Whale bone on the beach in Mozambique

From: Kim Marshall-Tilas (kimm@oceanalliance.org)
Date: Tue May 28 2002 - 12:46:51 EDT

Reply: Dear Brian,
I forwarded your question onto a great scientist, Dr. Tom Ford, who I
thought might know the answer to your question. His thought is that the bone
is a thoracic vertebral bone and the meter span of the lateral processes
suggests it could be from a blue whale.

> While out walking my dog on the beach a couple of weeks ago I came across a
> large bone in a pool which I collected and presume is from a whale. The bone
> looks like a vertebra and consists of a central circular column 26cm across
> and 21cm deep. It has three radial bones coming off it, the span of the two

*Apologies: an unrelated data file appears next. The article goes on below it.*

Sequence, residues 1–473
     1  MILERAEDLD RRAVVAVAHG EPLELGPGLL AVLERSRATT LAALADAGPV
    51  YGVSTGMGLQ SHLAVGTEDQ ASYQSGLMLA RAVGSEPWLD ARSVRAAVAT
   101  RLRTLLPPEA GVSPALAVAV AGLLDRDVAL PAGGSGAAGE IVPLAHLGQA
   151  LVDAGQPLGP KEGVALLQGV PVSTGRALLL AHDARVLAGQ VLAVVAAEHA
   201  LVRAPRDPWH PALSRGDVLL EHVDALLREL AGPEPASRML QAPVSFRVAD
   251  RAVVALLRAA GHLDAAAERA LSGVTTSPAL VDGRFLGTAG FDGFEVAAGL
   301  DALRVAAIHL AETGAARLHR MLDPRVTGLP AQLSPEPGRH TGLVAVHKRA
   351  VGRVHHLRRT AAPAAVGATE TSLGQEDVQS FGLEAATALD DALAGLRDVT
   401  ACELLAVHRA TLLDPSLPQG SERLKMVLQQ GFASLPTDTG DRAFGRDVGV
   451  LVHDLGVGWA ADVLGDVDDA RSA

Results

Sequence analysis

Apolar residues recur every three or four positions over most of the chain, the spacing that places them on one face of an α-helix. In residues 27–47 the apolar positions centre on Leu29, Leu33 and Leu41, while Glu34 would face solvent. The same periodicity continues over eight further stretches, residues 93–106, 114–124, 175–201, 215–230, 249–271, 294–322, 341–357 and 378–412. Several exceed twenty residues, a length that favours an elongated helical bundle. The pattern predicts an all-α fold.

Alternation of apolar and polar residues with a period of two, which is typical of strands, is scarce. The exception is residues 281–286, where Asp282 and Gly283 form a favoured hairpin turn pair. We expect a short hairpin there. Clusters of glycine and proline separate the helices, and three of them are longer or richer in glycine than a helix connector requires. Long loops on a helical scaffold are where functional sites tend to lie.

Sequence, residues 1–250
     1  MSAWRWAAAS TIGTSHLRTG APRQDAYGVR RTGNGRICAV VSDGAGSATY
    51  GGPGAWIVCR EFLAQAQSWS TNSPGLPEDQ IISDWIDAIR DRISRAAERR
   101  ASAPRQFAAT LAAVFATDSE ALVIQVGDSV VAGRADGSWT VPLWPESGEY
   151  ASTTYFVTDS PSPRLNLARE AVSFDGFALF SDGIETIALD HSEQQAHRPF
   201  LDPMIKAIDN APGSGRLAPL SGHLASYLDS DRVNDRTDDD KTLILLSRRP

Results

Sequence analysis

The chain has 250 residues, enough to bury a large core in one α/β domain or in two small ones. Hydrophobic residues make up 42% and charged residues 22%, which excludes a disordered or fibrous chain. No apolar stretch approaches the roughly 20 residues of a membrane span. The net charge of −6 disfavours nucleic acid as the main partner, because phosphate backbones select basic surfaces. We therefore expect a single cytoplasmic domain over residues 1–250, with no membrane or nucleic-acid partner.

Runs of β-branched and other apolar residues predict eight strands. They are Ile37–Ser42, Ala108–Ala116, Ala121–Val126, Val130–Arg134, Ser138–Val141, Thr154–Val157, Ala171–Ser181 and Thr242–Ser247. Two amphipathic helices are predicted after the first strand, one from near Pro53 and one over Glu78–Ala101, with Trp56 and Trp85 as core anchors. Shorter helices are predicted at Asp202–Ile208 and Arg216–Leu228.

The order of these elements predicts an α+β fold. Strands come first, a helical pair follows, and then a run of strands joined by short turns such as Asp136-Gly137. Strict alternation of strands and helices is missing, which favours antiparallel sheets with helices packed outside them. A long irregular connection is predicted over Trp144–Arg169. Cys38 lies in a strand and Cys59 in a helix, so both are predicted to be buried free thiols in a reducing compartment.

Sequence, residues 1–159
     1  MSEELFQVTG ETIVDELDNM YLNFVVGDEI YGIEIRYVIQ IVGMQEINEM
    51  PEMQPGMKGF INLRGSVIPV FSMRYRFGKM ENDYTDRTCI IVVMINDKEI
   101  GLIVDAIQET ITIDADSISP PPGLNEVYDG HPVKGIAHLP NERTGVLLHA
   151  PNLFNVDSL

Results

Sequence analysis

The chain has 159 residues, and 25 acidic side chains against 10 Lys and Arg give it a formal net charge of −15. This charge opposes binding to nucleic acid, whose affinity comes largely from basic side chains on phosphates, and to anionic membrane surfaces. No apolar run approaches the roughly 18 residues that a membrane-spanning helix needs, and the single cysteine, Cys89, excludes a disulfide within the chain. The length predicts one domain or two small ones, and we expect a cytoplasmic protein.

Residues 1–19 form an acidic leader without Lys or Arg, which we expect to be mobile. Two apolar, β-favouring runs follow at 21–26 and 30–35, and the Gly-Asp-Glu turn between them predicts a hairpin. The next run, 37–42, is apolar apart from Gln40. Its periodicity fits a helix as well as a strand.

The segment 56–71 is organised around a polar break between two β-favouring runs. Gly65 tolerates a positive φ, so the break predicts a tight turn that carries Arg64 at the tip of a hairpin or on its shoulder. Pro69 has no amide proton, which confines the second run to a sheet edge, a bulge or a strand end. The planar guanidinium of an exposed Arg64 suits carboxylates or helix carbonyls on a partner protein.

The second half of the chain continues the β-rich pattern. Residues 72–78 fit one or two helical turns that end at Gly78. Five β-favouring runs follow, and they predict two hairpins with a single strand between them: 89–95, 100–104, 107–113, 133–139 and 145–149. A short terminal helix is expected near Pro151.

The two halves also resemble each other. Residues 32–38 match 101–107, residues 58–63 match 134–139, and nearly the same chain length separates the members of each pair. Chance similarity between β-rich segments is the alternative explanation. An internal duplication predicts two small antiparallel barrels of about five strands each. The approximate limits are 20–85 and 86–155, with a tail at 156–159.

> central bones is 1.1m across with the third angled backwards at about 30
> degrees from the horizontal. This is divided into two at the base where
> presumably the spinal cord would have run, the length of this bone is 53cm.
> The condition of the bone is fairly rough and there are some barnacles on it
> so I presume it has been floating in the sea for some time before it came to
> rest on the beach. There were no other bones to be seen. Since I am in
> Mozambique I presume that it is from a southern wright whale? but from the
> dimensions given would it be possible to work out the size of the creature?
> Friends who were with me at the time thought I was picking up an aeroplanes
> propeller!
> I guess you must be busy following the international meeting on whales at the
> moment, good luck in your work.
> Brian Mathew

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